I went to see “Interstellar”, the new Christopher Nolan film, over the weekend. )You caught me – I easily cop to being a geek, particularly when it comes to movies.) In addition to all the other qualities that make it a good watch (engaging actors, top notch effects, interesting script), it did something particularly intriguing. The movie made the relativistic time dilation impacts of galactic scale travel an intrinsic aspect of the personal stories of the characters.
Time has a material impact on the relative quality of data protection, too. No cipher will ever provide unending data protection, so long as technology and expertise continues to increase. There is a recent example related to the MD5 hash function in the news just a few days ago, underscoring how time is eroding data protection. Nat McHugh demonstrated how to create a collision in less than a day, and for just pennies in cost.
A hash function is an algorithm for mapping an indeterminate size data input to an output with a fixed size. For a well-made function, small difference in the input cause radical differences in the output. Hash functions are frequently used for managing user passwords, in that variable length passwords (usually along with other inputs, like salt) are passed through the function to create irreversible, fixed length hashes of the originals. Then, when a user presents the password as a credential for authentication, the hash of the presented password is compared to the hash stored by the system. In that way, there is still confirmation that the right password is entered without the risk of persistently storing the actual passwords.
The MD5 hash function was first published in 1992, and was widely used for many purposes, including as a check routine for file transmissions. A sending transmission application would read the file being sent, calculate an MD5 hash it would append to the end of transmitted file, and send it. The receiving application would independently create a hash of the same input using MD5, and compare. A match meant a successful transmission and a mismatch confirmed there was a problem. As early as 1996, though, researchers had determined that the hash function could allow for “collisions” – that is, different variable length inputs could result in the same fixed length hash.
That conclusion was largely theoretical and academic in 1996, though cryptologists started to recommend moving to newer functions, such as SHA-1, even then. However, the theoretical proved to be practical, as technology progressed and faster processors, particularly GPUs in place of CPUs, could be applied to the mathematics. Marc Stevens, in his Masters project HackClash, estimated that an MD5 collision could be created in as little as a day, using only three PlayStation 3 consoles.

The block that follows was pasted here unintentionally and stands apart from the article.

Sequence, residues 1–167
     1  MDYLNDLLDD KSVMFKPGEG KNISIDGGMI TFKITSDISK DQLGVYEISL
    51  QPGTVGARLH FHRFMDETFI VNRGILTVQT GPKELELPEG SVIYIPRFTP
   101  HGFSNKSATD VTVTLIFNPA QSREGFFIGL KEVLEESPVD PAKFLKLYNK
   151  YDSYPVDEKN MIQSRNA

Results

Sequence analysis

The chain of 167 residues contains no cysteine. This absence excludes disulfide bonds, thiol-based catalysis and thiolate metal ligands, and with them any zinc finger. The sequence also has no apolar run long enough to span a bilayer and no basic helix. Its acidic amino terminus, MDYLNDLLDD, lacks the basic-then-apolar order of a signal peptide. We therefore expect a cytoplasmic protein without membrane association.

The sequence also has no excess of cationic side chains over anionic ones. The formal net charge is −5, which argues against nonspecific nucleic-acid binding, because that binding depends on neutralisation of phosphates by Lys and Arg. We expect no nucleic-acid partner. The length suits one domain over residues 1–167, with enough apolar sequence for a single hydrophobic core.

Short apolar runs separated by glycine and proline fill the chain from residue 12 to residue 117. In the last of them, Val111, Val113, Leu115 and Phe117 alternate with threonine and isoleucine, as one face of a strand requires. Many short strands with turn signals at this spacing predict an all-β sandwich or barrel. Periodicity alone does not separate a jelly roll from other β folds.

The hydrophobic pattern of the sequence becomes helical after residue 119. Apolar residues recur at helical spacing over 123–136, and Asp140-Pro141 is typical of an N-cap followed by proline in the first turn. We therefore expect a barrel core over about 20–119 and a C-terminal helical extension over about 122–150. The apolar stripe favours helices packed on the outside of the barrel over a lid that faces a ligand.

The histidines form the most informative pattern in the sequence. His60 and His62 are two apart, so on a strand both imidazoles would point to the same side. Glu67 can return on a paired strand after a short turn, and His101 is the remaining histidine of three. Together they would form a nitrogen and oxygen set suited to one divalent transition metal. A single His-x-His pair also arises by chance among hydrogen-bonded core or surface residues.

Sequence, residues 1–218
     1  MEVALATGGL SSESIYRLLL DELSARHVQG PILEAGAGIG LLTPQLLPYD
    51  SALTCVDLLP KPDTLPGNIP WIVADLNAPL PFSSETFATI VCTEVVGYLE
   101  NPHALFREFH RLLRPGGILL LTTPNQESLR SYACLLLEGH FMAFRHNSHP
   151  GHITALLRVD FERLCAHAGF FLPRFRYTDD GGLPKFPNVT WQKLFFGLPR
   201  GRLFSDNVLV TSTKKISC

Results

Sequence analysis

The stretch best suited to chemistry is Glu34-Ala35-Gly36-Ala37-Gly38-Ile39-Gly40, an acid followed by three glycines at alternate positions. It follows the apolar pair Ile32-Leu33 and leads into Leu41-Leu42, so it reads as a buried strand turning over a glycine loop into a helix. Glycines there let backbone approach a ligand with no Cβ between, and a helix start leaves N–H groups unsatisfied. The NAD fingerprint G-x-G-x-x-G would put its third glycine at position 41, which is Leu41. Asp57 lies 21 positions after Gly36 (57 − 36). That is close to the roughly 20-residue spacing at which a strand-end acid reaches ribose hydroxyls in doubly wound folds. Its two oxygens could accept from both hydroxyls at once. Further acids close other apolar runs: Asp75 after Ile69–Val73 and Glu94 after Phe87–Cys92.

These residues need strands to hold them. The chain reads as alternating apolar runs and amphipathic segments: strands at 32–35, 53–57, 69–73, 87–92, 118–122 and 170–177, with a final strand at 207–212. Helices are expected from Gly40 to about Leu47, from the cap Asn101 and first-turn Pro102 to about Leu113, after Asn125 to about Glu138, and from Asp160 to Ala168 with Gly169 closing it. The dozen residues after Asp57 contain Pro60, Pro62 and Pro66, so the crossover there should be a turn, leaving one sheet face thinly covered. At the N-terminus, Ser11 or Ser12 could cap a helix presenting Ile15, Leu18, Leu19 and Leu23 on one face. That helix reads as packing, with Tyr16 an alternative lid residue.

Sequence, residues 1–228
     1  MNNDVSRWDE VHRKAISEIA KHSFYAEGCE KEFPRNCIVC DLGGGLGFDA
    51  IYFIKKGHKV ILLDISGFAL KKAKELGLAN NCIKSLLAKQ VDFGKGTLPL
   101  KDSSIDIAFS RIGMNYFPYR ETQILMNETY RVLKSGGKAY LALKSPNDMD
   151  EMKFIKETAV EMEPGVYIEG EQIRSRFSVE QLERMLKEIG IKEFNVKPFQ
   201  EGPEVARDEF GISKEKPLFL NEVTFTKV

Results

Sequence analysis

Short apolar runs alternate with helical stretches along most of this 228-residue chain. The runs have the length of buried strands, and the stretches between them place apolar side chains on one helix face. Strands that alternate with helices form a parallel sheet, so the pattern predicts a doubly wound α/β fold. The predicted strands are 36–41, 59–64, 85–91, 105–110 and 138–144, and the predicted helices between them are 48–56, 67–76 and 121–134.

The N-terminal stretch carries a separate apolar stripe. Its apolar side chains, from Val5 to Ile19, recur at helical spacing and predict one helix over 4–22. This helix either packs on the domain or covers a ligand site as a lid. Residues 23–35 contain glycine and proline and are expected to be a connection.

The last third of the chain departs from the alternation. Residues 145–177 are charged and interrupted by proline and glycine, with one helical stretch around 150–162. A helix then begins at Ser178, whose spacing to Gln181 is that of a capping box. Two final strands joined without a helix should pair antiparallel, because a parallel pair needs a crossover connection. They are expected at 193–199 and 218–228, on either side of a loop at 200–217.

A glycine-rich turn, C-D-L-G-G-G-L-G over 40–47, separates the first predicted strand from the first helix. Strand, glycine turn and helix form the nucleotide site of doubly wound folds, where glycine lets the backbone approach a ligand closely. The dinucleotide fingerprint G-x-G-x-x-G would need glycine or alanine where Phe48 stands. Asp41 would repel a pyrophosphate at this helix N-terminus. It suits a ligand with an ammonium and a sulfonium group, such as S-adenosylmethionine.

While that is relatively inexpensive in terms of time and resources, it reflects a time before cloud computing became ubiquitously available and its capacity commoditized. Rather than spending more than a thousand dollars for several game consoles and tediously connecting them for parallel processing, McHugh created an MD5 collision of the hashes of two disparate inputs (images of two different performers) in less than 10 hours and for only $0.65US in fees for use of a GPU instance on Amazon Web Services. Practically, this means that hackers could relatively inexpensively reverse engineer password inputs that would match to MD5 hashed passwords contained in a fraudulently obtained copy of such a database.
The point of this, past “gee, whiz,” is that the sun will set on every cryptographic algorithm, hashing and encryption, sooner or later, so long as we continue to make advances in the speed of processors and programs. The data we seek to protect will only be protected by the algorithms we apply today for a limited and shortening period of time. This can be critical issue for enterprises in industries who are required by regulation (banking, financial) or necessary practice (healthcare) to maintain sensitive data for years, even decades. The ability to quickly and pervasively shift to newer algorithms without unnecessary disruption to the lines-of-business or the operating budget becomes, therefore, a mandatory best practice.
For another discussion of the best practices for protecting enterprise data, see the prior post "How Companies Should Protect PII."
Many thanks to the head of our Product Support group, Sean Workman, for pointing out last week’s article.
EncryptRIGHT, Prime Factors' universal data protection platform, was designed to separate the application of policy (protect data in this way) from the means (use algorithm x to protect data). This makes it only an administrative change to move from SHA-1 to SHA-256 hash function or 3DES to AES encryption algorithm for the data protection integrated into your applications. For a free trial of EncryptRIGHT, click the button below.